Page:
By Randy Saunders
50th Space Wing
Elections occur every year in America. In some instances, elected officials leave office requiring special elections to select their successors. Ballot initiatives and other issues go out to voters in off-year election cycles. Some city, county or state office holders face re-election or election during non-federal voting years. Then, every even numbered year, America holds elections for federal office. During these biennial cycles, every seat of the United States House of Representatives and one-third of the United States Senate are elected. Every four years, this general election includes the offices of president and vice president.
2014 is a general election year. Americans will cast ballots to fill 435 seats in the House of Representatives, 33 senate seats and governorships in 36 states and three United States territories. Local and state ballots will include candidates for local and state offices, ballot issues and other referenda. The founders of the American federal republic established this system to ensure the individual citizen maintained political power in the new American experiment, making the American government unlike any before or since.
As members of the United States Armed Forces, whether active duty, Reserve, family member, civilian employee or contractor, we all contribute to the defense of our great republic and the constitution upon which it is founded. Serving, however, is not our only responsibility to America. As citizens, we have a right and a responsibility to exercise our political power by participating in the election process. Through our votes at local, state and federal levels, we select those who will debate and legislate our laws at all levels of government on our behalf. We select those who will provide advice and consent to the president on federal appointments of key cabinet officials and judges. At the local, county and state level, we decide on changes to city or county charters and state constitutions as well as a myriad of other issues.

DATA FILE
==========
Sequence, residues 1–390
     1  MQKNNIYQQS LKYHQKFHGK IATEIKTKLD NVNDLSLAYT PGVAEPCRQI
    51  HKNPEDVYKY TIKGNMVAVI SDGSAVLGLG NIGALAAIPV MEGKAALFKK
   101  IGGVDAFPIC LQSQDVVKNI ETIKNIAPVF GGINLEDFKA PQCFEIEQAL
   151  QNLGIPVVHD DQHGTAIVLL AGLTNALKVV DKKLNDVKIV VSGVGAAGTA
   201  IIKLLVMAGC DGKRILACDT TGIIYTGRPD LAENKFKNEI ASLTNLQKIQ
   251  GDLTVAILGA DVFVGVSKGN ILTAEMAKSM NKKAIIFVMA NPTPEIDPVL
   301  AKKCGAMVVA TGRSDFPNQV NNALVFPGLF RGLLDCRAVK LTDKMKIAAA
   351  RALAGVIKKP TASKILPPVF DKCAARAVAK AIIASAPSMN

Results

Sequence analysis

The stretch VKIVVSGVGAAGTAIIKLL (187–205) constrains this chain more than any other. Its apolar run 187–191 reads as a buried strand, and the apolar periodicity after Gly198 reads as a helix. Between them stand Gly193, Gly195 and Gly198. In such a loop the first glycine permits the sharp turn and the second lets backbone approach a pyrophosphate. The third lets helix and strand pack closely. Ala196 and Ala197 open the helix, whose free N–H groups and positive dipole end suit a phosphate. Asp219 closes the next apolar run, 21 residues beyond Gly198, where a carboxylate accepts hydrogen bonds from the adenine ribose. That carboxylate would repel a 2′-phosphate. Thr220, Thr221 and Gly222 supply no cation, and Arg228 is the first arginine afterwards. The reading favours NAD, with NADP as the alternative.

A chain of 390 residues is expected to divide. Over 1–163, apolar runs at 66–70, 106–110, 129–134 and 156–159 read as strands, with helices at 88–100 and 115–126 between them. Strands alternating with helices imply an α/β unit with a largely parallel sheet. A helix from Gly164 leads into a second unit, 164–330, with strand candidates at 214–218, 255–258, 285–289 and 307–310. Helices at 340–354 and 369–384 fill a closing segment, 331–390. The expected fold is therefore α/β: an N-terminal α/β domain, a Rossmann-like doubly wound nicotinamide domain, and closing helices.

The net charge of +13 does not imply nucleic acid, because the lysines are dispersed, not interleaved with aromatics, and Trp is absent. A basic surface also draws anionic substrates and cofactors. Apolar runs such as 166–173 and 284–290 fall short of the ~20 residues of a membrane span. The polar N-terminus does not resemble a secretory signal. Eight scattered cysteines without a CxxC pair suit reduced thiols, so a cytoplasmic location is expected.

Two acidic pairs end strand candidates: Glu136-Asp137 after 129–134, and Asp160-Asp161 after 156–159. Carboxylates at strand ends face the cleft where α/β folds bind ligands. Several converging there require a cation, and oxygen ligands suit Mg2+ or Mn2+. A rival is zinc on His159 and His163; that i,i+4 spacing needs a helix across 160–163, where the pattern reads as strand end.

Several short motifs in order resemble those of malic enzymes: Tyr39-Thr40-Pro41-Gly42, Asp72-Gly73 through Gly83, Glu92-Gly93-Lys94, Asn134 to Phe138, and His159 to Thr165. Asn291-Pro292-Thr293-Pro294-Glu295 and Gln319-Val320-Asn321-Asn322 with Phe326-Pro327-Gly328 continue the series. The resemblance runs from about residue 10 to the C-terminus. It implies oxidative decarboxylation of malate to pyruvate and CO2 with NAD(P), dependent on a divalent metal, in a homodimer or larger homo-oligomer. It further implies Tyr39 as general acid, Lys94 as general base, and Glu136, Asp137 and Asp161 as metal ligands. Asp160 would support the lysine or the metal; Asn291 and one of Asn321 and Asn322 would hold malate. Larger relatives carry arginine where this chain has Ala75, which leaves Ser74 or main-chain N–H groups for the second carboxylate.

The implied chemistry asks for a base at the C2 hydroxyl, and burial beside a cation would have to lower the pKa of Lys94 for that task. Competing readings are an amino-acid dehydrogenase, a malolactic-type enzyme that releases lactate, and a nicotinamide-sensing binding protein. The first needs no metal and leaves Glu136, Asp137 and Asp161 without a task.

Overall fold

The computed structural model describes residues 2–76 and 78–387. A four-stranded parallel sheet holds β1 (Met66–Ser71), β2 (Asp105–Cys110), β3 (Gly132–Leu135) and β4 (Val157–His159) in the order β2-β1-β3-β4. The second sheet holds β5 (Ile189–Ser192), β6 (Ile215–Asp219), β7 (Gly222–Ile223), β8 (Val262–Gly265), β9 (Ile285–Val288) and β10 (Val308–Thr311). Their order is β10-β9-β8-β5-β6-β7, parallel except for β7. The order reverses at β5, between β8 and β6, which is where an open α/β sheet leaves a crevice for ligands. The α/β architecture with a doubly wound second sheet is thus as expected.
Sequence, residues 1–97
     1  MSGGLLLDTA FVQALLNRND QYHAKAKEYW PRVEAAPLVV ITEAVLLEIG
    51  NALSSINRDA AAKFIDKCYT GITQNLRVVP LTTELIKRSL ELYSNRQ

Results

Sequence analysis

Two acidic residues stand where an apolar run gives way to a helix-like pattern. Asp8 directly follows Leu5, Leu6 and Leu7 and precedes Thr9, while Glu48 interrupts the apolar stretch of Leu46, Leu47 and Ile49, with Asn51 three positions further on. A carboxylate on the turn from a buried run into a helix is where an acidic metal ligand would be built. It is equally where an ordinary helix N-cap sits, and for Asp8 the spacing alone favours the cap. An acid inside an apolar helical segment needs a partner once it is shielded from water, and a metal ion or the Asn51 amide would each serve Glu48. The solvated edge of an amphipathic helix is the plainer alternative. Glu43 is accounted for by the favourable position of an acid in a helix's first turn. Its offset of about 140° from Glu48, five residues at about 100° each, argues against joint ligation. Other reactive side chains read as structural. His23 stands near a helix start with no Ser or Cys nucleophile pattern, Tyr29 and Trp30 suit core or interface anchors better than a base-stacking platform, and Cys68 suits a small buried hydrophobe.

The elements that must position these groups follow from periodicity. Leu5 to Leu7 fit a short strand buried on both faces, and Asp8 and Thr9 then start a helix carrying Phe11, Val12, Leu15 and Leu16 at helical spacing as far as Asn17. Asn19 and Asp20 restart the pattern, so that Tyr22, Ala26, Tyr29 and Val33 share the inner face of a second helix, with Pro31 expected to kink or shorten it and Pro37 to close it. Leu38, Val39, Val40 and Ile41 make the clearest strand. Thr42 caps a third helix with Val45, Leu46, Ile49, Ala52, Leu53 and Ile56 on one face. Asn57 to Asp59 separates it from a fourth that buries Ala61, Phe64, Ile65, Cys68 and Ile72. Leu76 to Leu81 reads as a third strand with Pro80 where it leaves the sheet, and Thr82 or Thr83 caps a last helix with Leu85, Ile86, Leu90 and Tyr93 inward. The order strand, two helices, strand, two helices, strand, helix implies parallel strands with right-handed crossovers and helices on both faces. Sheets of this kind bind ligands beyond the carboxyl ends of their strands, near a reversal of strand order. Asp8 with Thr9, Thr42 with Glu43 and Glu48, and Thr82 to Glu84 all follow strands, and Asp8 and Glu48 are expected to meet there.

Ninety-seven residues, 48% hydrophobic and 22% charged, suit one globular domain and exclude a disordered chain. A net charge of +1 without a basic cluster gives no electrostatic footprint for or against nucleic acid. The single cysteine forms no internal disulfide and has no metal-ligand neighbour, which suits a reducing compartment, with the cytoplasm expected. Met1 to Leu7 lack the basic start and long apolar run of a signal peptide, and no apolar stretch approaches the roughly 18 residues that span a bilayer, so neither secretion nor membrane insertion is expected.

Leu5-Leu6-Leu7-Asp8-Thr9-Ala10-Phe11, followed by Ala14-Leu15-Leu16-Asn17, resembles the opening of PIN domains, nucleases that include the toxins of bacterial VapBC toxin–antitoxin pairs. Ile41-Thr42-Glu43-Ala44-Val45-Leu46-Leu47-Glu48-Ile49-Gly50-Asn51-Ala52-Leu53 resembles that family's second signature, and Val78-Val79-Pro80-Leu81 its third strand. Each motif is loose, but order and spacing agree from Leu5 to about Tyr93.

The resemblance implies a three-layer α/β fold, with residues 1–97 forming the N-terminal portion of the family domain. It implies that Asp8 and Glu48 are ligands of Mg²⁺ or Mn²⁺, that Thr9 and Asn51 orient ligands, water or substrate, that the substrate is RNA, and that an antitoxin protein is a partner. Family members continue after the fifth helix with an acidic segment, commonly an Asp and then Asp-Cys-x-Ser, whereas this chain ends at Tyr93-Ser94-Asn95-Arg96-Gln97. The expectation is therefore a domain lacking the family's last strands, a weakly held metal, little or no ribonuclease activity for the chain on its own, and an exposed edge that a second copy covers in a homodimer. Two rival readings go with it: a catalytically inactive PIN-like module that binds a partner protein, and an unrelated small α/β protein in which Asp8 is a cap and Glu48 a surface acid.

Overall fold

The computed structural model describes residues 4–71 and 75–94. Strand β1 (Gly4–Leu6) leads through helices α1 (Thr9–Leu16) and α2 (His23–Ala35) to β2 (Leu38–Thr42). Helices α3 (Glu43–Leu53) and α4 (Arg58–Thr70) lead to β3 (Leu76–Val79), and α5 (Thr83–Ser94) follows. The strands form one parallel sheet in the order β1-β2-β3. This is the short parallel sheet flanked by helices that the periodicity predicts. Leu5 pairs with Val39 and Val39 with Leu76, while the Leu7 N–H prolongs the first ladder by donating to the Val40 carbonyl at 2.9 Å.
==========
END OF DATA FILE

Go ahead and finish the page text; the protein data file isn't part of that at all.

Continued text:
Some believe military and other absentee ballots don’t count except in close elections. That is false. Election officials across our great country are required to count all legally cast ballots. Some argue that one vote won’t change an election. That also is false. In 2006, an election to the Oklahoma State House of Representatives was decided on two votes. In 2004, only 133 votes determined the governorship of Washington state. And in 2000, only 537 votes determined the recipient of Florida’s Electoral College votes and ultimately, the presidency of the United States. Every vote counts.
As the general election draws near, time is running out to register and cast a ballot in your home state. But what should you do if you do not receive your requested state ballot? If you requested and did not receive a ballot from your local election official for the 2014 general election by early October, contact your unit or installation voting assistance officer or visit www.fvap.gov to complete a Federal Write-in Absentee Ballot. Don’t wait until the last minute. Plan for sufficient time for your mailed ballot to arrive at your local election office.
From Sept. 29 to Oct. 3 during Absentee Voter Awareness Week, voting assistance officers will be available outside the Satellite Dish dining facility from 10:30 a.m. — 1:00 p.m. to assist any who want to register to vote, who may need to update their voter registration information or who may need a Federal Write-In Absentee Ballot. These volunteers are also available in most units on the installation. You can also contact the installation voting assistance officer at 567-6877. His office is located in Room 143/144 Building 210. If you prefer to get your forms and information online, visit the Federal Voting Assistance Program website at www.fvap.gov. There, you will find many helpful aids and election information. Your voting-age dependents may also use the services available from the local Voting Assistance Office and the Federal Voting Assistance Program website.